Charlie: I once saw pictures of a right-ended overlock (Pegasus) for sale, and found it disturbing to look at, though it took me a minute to realize what was wrong!

    Another thought: It should be relatively inexpensive for a domestic machine company to make a backward machine: mirror image all the CAD files, and have everything that changes milled out of nylon. And many things (drive shafts, gears, presser and needle bars, must be symmetric to begin wtih). I’m no expert, but would be surprised if it couldn’t be done for less than $10k. I would be interested know which machine new stitchers find easier to learn.

  8. Diane says:

    I’ve thought a lot about machines favoring lefties. I was forced to be right handed as a child, but can only do some things left handed (opening combination locks for one). I’ll not sure how I arrange myself in fromt of the machine, I’ll have to sit down and see. I think I could sew on the ‘right handed’ machine, because I’m used to switching the sides of my brain (but I don’t want to). I teach kids and quite a few of them start out trying to put the material on the right of the needle and need to be shown how to keep the bulk to the left.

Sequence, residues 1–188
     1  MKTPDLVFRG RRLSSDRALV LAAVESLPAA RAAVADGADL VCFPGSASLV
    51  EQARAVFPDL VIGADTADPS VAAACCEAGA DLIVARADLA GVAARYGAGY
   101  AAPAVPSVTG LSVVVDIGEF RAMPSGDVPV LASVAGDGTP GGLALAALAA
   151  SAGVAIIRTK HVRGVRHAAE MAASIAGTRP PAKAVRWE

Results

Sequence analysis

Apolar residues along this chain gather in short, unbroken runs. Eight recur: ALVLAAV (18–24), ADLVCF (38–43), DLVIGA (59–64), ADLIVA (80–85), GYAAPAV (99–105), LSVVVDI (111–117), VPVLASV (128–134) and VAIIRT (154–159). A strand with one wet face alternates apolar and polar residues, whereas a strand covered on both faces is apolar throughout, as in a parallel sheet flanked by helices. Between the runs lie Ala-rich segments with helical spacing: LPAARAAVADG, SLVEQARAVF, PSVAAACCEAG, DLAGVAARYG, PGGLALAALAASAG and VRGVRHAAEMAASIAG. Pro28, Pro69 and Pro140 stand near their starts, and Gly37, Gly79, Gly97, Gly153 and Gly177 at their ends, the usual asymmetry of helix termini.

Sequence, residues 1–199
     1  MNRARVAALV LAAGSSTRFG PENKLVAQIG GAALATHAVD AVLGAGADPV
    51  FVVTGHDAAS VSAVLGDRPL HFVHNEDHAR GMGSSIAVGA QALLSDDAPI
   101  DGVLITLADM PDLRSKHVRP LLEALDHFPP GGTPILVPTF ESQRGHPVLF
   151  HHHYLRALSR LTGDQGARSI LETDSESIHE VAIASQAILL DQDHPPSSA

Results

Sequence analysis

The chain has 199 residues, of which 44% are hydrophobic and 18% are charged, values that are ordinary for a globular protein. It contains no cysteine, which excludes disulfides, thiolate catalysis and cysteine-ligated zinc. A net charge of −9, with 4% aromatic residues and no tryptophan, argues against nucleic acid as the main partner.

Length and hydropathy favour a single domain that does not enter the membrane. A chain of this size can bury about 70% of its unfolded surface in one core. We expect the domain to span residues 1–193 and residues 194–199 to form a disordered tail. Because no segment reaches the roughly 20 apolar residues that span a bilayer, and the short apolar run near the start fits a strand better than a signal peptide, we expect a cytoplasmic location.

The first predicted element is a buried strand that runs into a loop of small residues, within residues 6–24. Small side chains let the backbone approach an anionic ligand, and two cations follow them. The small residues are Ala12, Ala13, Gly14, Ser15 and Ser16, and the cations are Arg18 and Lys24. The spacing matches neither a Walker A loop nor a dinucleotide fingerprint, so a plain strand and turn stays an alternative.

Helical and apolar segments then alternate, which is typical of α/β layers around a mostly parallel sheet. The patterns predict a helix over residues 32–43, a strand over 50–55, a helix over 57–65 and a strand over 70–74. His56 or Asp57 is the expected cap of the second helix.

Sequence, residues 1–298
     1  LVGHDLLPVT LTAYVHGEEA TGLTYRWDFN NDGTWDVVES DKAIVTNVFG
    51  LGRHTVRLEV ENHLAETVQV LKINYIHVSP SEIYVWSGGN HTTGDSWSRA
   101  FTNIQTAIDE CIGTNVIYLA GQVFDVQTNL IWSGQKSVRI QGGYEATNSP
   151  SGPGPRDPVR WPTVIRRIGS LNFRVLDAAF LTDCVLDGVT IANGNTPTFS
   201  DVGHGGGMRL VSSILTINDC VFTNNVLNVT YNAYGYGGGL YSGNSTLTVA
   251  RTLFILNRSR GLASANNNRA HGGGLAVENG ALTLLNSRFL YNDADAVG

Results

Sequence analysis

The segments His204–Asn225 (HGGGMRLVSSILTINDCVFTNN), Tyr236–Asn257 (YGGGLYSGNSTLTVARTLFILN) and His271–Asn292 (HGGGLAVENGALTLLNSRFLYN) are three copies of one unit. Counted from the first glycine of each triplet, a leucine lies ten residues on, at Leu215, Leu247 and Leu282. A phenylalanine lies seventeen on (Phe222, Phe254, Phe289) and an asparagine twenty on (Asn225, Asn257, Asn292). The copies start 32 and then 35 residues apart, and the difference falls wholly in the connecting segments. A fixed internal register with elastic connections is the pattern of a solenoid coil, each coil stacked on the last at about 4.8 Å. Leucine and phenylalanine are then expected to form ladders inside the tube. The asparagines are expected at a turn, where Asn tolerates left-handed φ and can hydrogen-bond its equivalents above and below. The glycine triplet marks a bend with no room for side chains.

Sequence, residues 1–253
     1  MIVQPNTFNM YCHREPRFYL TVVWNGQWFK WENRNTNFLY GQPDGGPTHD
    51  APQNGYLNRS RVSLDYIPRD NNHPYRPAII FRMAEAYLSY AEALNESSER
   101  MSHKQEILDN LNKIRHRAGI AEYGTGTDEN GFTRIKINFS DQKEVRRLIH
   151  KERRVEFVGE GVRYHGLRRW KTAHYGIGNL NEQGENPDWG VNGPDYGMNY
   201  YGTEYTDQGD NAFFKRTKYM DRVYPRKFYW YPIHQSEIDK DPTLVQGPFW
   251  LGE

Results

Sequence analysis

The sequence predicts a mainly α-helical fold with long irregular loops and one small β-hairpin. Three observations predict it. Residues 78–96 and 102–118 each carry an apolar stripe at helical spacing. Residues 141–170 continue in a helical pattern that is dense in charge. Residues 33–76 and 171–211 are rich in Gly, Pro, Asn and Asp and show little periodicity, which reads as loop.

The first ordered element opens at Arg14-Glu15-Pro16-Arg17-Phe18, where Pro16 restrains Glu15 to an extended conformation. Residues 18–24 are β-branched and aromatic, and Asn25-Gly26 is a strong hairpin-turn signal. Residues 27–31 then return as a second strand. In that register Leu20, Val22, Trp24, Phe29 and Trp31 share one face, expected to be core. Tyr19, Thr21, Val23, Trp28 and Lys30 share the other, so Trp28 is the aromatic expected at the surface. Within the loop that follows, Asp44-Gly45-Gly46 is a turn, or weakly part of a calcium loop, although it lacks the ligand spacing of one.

9. Zabelle says:

    I have though sewing to left handed and right handed kids and adults. I didn’t see a difference in there comprehensions of the machine. I find that it is a waist of time. My students that have seen someone sew have a better understanding of the machine. I don’t see why we would need a machine to be for right or left handed person, handling fabric and learning how to sew needs practice like anything else and sewing uses both hands. I understand the foot lever being on the right side being a problem for lefties thought.

  10. Mary Honas says:

    As a lefty who teaches, often my students will struggle to change feet or needles while I have no problem since the screw is on the left.

    Considering all the other things that lefties have to switch, my students agree that dealing with a sewing machine where the righties have to “switch” helps them to have a little of empathy for the left-handed person’s every day issues.